Stephen Elop wants to avoid Android-like fragmentation with Windows Phone

Windows Phone cannot, and will not, go the way of Android, if Stephen Elop has anything to do with it. The vocal Nokia CEO made that very clear during an interview with Pocket-lint during CES last week where he said, “Our first priority, always, always, is to differentiate our experience from Android and iPhone. That is job one, two and three quite frankly.”

Android has shown itself vulnerable to allowing multiple versions of the operating, often more than two years old, to permeate the market. Even during CES, months after the introduction of Android 4.0 Ice Cream Sandwich, companies were introducing Android devices loaded with 2.3 Gingerbread. As a result, app developers cannot take full advantage of many of the new APIs and design features built into ICS.

Elop said that once consumers are sufficiently educated on the benefits of an “alive” homescreen — not the rigid set of grid icons we are used to in iOS and Android — they will come around.

“People are most familiar with a grid of applications icons that don’t do anything. They aren’t used to things that are scrolling, that are alive, that are presenting information. So as we introduce them to that we are confident that we will see some good momentum.”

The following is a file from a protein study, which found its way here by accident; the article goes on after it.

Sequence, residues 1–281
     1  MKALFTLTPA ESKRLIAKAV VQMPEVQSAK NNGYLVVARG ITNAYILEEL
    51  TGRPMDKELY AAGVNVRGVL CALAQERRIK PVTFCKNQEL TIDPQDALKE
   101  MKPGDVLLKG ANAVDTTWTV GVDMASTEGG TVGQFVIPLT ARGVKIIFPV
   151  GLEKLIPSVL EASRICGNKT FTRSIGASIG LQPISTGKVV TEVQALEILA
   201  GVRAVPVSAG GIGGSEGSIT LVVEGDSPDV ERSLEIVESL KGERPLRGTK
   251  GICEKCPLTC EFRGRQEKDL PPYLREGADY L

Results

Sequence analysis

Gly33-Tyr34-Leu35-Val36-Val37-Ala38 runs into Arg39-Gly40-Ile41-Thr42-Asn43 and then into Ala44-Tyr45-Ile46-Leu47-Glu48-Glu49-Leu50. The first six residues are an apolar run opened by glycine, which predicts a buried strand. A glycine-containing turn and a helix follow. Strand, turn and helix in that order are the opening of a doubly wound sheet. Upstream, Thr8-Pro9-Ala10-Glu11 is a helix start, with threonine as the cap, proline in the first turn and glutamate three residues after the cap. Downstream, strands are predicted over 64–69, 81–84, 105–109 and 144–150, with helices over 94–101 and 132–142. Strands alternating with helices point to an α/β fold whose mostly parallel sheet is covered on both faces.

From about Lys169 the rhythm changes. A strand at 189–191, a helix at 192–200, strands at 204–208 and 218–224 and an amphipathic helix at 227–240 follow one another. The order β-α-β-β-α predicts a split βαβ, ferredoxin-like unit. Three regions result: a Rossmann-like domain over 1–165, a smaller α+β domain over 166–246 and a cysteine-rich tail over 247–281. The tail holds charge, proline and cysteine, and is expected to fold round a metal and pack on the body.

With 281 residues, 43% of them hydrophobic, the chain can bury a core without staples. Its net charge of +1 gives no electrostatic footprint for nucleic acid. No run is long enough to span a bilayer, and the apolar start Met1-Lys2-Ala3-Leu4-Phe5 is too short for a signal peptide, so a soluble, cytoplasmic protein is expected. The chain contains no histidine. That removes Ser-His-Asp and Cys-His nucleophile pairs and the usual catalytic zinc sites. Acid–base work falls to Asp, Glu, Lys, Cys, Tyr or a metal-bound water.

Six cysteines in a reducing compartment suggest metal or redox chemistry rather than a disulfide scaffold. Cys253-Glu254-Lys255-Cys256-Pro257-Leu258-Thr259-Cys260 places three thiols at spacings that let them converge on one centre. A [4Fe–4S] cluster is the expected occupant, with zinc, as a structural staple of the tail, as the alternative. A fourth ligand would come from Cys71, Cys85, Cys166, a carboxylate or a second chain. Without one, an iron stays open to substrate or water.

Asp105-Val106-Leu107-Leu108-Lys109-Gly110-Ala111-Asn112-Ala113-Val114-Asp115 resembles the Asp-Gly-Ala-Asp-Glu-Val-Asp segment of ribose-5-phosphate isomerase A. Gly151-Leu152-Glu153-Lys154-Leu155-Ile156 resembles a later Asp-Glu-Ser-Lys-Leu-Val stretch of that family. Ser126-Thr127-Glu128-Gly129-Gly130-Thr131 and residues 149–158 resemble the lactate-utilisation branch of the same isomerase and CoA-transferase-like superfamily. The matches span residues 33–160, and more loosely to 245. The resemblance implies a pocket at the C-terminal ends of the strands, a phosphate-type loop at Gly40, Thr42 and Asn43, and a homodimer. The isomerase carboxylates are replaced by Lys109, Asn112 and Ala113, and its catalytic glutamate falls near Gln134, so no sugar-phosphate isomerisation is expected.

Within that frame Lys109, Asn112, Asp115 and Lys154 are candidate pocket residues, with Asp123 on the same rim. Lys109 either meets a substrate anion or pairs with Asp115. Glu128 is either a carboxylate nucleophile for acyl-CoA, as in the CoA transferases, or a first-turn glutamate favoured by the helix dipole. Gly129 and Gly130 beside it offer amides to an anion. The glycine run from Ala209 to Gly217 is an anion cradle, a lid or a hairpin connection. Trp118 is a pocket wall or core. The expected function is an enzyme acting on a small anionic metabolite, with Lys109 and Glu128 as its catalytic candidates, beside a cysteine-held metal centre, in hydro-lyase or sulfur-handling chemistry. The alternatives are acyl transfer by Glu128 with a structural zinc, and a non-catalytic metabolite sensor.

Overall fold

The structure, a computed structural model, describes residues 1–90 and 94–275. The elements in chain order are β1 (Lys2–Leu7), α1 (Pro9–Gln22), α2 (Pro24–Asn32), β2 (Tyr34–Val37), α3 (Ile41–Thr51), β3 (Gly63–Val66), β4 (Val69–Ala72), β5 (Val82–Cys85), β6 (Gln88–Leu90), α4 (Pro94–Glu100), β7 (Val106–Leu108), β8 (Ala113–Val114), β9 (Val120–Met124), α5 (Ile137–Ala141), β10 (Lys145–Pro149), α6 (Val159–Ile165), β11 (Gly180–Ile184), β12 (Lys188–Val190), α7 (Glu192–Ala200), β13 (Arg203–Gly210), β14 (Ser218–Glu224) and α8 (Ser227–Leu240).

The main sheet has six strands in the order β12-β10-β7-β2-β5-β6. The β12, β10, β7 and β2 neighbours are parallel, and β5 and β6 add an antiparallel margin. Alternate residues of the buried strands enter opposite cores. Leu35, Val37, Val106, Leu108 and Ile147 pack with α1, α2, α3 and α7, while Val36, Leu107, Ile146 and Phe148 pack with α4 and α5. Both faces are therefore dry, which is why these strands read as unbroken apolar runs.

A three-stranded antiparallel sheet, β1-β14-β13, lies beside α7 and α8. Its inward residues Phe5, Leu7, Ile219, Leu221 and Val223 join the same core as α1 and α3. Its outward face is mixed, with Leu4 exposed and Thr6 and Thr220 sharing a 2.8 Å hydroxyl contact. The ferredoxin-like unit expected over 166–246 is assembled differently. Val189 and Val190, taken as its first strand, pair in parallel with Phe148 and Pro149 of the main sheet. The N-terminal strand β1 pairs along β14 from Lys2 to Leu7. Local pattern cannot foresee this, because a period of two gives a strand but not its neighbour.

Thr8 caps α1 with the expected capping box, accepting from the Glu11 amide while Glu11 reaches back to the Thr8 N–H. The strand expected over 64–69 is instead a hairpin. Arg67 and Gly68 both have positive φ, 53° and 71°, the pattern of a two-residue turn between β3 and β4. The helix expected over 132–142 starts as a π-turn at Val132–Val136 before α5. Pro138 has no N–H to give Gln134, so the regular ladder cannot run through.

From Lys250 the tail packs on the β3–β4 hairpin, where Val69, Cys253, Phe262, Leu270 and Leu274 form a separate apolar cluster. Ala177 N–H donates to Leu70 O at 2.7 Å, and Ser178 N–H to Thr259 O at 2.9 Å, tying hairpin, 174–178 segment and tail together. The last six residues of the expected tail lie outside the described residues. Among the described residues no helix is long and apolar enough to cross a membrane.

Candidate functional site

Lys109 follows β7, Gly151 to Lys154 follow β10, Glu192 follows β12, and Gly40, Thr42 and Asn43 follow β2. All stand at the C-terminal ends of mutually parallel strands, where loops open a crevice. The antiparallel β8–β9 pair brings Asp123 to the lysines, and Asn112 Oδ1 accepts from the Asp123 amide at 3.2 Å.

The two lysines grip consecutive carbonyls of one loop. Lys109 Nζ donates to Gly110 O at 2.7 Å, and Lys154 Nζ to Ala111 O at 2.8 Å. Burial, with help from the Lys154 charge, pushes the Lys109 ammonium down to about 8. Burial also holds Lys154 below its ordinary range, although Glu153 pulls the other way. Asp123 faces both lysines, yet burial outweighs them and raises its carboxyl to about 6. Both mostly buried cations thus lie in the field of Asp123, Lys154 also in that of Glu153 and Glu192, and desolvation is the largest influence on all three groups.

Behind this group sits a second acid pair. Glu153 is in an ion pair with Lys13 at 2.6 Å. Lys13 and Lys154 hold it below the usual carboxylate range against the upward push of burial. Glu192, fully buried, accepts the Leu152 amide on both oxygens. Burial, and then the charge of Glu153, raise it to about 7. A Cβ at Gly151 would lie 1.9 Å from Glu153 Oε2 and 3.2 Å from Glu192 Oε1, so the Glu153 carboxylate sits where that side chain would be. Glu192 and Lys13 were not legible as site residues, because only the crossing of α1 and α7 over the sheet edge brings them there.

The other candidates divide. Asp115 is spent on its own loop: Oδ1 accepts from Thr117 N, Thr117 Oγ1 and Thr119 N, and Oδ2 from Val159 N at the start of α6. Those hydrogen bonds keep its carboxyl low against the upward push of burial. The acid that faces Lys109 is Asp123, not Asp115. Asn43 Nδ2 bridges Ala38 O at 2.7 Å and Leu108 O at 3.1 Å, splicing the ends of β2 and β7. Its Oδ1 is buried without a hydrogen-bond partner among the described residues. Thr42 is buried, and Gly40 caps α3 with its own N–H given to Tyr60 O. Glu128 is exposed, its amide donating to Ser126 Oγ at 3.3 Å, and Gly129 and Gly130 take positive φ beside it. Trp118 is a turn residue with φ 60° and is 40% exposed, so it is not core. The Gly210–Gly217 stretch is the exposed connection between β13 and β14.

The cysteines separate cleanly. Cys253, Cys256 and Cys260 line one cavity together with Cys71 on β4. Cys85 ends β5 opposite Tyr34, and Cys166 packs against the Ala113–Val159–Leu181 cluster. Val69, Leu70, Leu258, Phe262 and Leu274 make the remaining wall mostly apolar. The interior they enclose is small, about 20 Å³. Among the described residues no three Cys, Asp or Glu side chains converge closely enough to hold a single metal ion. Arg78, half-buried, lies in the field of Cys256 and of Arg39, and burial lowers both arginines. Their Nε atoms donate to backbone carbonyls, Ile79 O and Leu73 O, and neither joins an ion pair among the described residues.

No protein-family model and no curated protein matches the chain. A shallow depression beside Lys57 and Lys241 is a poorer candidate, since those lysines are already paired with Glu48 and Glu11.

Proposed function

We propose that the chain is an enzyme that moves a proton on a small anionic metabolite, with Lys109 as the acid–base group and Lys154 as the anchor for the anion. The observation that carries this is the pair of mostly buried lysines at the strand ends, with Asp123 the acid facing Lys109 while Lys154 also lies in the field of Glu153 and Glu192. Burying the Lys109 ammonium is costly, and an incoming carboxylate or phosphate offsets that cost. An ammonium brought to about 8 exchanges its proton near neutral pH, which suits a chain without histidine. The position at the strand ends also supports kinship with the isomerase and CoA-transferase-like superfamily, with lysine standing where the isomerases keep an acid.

It’s easy to see why Elop is so up on Windows Phone. The platform received a huge boost after Nokia debuted the Lumia 900 at CES, and once the app situation is sorted out (which won’t be easy) it’s safe to say Nokia will be riding high as the top manufacturer of the third most popular platform. But Microsoft has also done some damage recently in changing the way it offers iterative updates to carriers; leaving the onus on the carrier to update your phone often leads to delays.

But Elop knows, and so does Microsoft, how damaging fragmentation can be: “We don’t want fragmentation being introduced into Windows Phone because we are beginning to see how in a certain other eco-system that fragmentation becomes a problem.”

As we near the launch of the Lumia 710 and Lumia 800 in Canada, let’s hope he’s right on both accounts: that Windows Phone can prevent fragmentation, and that it can pierce the market in a big way.

Source: Pocket-lint